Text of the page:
How to Make Jam

The end of summer is a confusing time of year. Just when I think I can trade in sandals for boots and pull out my ever growing collection of sweaters, another 80 degree day hits. 

While late August and early September may not be my favorite wardrobe season, it’s no question my favorite produce season. Few things in life make me as happy as a perfectly ripe, peak season nectarine. So of course this time of year I try and figure out just how many nectarines, peaches, plums, and tomatoes I can eat.

But unfortunately, we all have our limits. When I just can’t eat another peach I look for other ways to preserve all that produce and bring it into the winter with me.

Making your own jam is a great way to preserve summer produce. I held off on trying my hand at jam making for years because while making jam is simple, canning it sounded confusing and tedious. Does anyone remember that episode of Friends when Monica makes what I’m pretty sure is a lifetime supply of jam to get over her breakup with Richard? I do – and every time I thought of making jam, I thought of Monica’s apartment full of supplies and gadgets and gave up before I even started.

how to make jam

It turns out that you don’t actually have to get into canning to make jam. If you want to make as much as Monica did, fill your pantries, or give rustic mason jars full of jam as an aesthetic gift, you probably should go the extra mile and can your jam. And if you’re going to, it doesn’t have to be that intimidating. But if you just want to enjoy your late summer produce for an extra few months, you can safely store your jam in the fridge for about a month or in the freezer through the winter.

Another bonus of DIY jam is that you can control how much sugar goes into it. Most jam recipes have about a 2:1 ratio of fruit to sugar. For this recipe, swap out the sugar for honey or maple syrup and drastically reduce the amount of sweetener you use. You’ll find that a little bit of honey and perfectly ripe fruit go a long way so you can enjoy jam without all the added sugar.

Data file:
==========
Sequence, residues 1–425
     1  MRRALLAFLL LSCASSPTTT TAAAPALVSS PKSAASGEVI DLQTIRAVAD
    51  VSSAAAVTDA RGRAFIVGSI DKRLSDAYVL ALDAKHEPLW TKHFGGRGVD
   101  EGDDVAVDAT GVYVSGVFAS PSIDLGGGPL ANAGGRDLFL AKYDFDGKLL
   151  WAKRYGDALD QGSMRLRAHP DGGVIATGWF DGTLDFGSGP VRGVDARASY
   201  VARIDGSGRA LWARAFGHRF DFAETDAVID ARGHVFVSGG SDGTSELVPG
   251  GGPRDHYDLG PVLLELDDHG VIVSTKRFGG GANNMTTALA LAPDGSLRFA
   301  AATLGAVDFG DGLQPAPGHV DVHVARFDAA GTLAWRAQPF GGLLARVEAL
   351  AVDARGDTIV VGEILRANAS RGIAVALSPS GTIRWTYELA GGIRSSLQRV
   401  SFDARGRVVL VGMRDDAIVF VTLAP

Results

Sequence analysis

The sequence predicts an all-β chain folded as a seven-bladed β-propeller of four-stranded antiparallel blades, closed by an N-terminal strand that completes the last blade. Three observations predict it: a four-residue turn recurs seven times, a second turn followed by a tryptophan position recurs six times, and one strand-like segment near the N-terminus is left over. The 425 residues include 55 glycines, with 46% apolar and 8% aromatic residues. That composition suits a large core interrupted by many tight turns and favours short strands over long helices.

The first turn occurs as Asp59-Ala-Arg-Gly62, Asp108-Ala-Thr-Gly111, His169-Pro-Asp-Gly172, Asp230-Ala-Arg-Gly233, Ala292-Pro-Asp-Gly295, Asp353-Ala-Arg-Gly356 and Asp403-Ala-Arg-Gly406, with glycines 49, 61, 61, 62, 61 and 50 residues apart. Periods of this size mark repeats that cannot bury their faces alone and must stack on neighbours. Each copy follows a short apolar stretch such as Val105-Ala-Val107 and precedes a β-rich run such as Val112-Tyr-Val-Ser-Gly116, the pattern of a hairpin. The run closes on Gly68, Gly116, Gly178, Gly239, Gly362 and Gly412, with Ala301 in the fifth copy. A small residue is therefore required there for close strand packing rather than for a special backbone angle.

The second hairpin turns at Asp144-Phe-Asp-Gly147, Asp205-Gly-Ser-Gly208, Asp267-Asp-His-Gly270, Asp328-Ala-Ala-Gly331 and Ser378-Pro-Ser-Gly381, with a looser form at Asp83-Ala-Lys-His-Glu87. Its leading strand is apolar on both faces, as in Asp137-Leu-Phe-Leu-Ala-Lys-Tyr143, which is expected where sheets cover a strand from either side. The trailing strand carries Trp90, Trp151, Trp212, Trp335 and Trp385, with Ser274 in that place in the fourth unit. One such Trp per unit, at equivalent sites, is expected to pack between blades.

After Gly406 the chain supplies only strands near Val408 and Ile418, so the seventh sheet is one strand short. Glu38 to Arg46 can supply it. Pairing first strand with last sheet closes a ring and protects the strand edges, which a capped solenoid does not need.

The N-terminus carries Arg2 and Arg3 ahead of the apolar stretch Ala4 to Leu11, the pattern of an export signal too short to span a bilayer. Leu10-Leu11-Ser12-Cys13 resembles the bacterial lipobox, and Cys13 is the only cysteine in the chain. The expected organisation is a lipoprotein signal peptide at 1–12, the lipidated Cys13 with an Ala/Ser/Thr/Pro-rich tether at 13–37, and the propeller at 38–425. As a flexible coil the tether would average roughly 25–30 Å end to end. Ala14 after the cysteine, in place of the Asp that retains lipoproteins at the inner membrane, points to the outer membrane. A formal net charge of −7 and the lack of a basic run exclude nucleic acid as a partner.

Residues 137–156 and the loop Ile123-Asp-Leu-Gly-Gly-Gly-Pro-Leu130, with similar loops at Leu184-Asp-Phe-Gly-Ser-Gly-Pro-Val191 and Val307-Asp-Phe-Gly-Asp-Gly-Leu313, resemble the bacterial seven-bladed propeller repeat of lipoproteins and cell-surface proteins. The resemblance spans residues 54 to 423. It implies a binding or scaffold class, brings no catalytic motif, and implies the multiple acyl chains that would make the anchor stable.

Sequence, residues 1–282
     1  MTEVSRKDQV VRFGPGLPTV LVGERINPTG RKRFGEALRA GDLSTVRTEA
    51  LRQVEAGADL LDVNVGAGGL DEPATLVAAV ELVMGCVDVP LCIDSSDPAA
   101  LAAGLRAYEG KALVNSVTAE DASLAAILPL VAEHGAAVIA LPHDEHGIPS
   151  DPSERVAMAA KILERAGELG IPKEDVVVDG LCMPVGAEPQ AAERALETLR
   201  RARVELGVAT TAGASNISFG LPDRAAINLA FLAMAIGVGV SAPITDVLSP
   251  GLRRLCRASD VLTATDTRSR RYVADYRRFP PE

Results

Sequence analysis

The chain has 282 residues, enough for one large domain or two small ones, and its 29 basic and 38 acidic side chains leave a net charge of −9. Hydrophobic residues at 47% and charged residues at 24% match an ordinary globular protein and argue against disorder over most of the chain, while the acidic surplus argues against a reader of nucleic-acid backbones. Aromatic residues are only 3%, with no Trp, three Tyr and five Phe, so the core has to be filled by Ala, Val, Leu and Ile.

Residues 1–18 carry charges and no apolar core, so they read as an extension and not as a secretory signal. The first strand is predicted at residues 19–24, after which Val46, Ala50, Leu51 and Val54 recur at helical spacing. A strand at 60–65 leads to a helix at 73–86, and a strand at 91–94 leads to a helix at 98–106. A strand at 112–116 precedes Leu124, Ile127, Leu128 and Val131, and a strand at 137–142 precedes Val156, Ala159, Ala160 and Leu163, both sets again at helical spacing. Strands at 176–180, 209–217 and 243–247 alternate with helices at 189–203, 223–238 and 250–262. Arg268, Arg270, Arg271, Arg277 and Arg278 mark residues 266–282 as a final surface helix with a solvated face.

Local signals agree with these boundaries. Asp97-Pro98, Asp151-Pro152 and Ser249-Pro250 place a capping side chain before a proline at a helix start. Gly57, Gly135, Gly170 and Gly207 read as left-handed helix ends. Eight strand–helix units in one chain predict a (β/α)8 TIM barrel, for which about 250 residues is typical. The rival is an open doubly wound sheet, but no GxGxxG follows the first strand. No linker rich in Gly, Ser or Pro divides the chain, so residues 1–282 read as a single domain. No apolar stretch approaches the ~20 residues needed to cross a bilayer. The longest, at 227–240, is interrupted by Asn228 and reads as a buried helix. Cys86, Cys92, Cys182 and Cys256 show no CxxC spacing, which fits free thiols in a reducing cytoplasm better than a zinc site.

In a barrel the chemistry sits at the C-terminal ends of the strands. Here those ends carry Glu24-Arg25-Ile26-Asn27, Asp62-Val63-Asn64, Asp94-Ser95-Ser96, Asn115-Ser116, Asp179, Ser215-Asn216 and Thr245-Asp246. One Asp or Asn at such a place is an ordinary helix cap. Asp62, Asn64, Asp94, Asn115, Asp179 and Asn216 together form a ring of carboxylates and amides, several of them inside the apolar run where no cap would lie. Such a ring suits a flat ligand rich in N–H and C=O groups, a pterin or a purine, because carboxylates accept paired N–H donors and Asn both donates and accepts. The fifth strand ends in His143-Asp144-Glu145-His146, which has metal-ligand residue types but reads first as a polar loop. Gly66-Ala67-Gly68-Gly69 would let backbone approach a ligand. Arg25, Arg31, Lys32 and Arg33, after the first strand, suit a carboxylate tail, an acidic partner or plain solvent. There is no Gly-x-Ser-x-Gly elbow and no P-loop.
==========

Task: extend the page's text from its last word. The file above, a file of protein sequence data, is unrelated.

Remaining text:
• 4 cups fruit of choice
  • 2 Tbsp honey or maple syrup, to taste
  • Juice of 1 lemon
  • Pinch of salt


  1. Combine all ingredients in a saucepan and bring to a boil.
  2. Once boiling, reduce mixture to a simmer and mash with a potato masher until desired consistency.
  3. Simmer over medium heat for 15 minutes. Taste and add additional honey or maple syrup if needed.
  4. Store in the fridge, freezer, or pantry if canning.

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About Kira Schreiber

Kira grew up in the Chicago suburbs and is passionate about mental health, healthy eating, and sustainability. After spending the first part of her career working for a non profit mental health agency in Southern California, she transitioned to pursue a career in her passion for cooking. Now back in Chicago, Kira spends her days developing healthy recipes for a food tech start up. When not in the kitchen or on her laptop she loves spending time outdoors, hitting up a spin class, or watching home decor DIYs on YouTube.